In today’s digital world, ignoring the accessibility of your website all but guarantees losing customers to your competition, and can even open your business up to potential legal action.
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Web accessibility and ensuring your content can be consumed by all people, is one of the most important issues facing online businesses today. Yet still, it remains surprisingly under the radar amongst many brands, particularly with SMBs. Because of this, many small business owners don’t fully understand what the term actually means.
No, web accessibility doesn’t mean ensuring that everyone has access to the Internet (though that’s an important issue, too). Web accessibility refers to ensuring that all online content can be readily consumed by people with disabilities.
Established brick and mortar companies generally command a firm understanding of how the Americans with Disabilities Act (ADA) affects their business operations. But for online companies, the needs of those with disabilities are often overlooked.
However, times are changing and online businesses have a greater responsibility than ever to prioritize their website accessibility.
The Risk Of An ADA Lawsuit
The ADA is a civil rights law, meaning all areas that are open to the public must make adequate accommodations for those with disabilities. Facilities that fail to comply with these regulations open themselves up to serious potential legal consequences.
With the digital world playing an increasingly important role in our modern lives, the Department of Justice has recently made statements to the effect that the ADA also applies to websites. When companies essentially deny equal access because their website is incompatible with a screen reader—or has other accessibility issues, the companies also become vulnerable to lawsuits.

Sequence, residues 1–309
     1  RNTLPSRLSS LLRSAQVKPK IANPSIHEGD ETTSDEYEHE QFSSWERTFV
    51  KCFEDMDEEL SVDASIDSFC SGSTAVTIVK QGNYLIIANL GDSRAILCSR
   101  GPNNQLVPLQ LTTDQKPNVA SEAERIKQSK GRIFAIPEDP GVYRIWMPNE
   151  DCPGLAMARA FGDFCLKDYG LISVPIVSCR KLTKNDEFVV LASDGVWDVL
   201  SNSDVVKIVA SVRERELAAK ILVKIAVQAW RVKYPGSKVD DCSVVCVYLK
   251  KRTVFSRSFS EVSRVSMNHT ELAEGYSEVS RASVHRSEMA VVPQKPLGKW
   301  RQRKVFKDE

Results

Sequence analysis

Domino’s has recently made headlines because of its decision to fight a lawsuit that was filed after a blind man was unable to order pizza, because its website wouldn’t work with a standard screen reader. Domino’s efforts to fight the lawsuit have thus far only resulted in negative PR attention for the brand.
As Gale Vizel, CMO at accessiBe, an AI-powered accessibility platform, recently shared with me, “Domino’s may be getting most of the press coverage for their lack of site accessibility, but many SMBs are also at risk of litigation if their sites aren’t properly accessible. Web accessibility lawsuits went up by 183% from 2017 to 2018, and increased media attention means those numbers will likely continue to rise. SMBs need to act now to minimize their own risk of a lawsuit.”
Losing Potential Customers
Individuals with disabilities represent a large portion of the population. In fact, data from the U.S. Census Bureau reveals that nearly one in five people are living with a diagnosed disability, and more than half of those with a disability describe their condition as severe.
You don’t want to turn away great potential customers simply because you forgot to update your website.